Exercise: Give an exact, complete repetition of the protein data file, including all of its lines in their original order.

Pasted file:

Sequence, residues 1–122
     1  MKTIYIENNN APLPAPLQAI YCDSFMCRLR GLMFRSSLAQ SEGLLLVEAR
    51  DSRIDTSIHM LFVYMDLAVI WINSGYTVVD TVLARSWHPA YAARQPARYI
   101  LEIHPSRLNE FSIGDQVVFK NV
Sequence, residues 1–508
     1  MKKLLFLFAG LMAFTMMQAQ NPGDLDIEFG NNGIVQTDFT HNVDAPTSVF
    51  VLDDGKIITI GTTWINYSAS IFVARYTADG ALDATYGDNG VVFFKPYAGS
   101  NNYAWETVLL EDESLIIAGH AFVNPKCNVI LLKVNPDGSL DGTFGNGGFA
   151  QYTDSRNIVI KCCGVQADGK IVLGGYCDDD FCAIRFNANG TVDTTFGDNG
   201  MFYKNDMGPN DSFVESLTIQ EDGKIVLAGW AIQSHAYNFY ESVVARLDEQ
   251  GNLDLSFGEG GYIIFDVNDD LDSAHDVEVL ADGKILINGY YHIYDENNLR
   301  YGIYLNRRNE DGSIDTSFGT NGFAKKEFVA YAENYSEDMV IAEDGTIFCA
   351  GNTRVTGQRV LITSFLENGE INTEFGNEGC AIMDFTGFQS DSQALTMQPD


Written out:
Sequence, residues 1–122
     1  MKTIYIENNN APLPAPLQAI YCDSFMCRLR GLMFRSSLAQ SEGLLLVEAR
    51  DSRIDTSIHM LFVYMDLAVI WINSGYTVVD TVLARSWHPA YAARQPARYI
   101  LEIHPSRLNE FSIGDQVVFK NV
Sequence, residues 1–508
     1  MKKLLFLFAG LMAFTMMQAQ NPGDLDIEFG NNGIVQTDFT HNVDAPTSVF
    51  VLDDGKIITI GTTWINYSAS IFVARYTADG ALDATYGDNG VVFFKPYAGS
   101  NNYAWETVLL EDESLIIAGH AFVNPKCNVI LLKVNPDGSL DGTFGNGGFA
   151  QYTDSRNIVI KCCGVQADGK IVLGGYCDDD FCAIRFNANG TVDTTFGDNG
   201  MFYKNDMGPN DSFVESLTIQ EDGKIVLAGW AIQSHAYNFY ESVVARLDEQ
   251  GNLDLSFGEG GYIIFDVNDD LDSAHDVEVL ADGKILINGY YHIYDENNLR
   301  YGIYLNRRNE DGSIDTSFGT NGFAKKEFVA YAENYSEDMV IAEDGTIFCA
   351  GNTRVTGQRV LITSFLENGE INTEFGNEGC AIMDFTGFQS DSQALTMQPD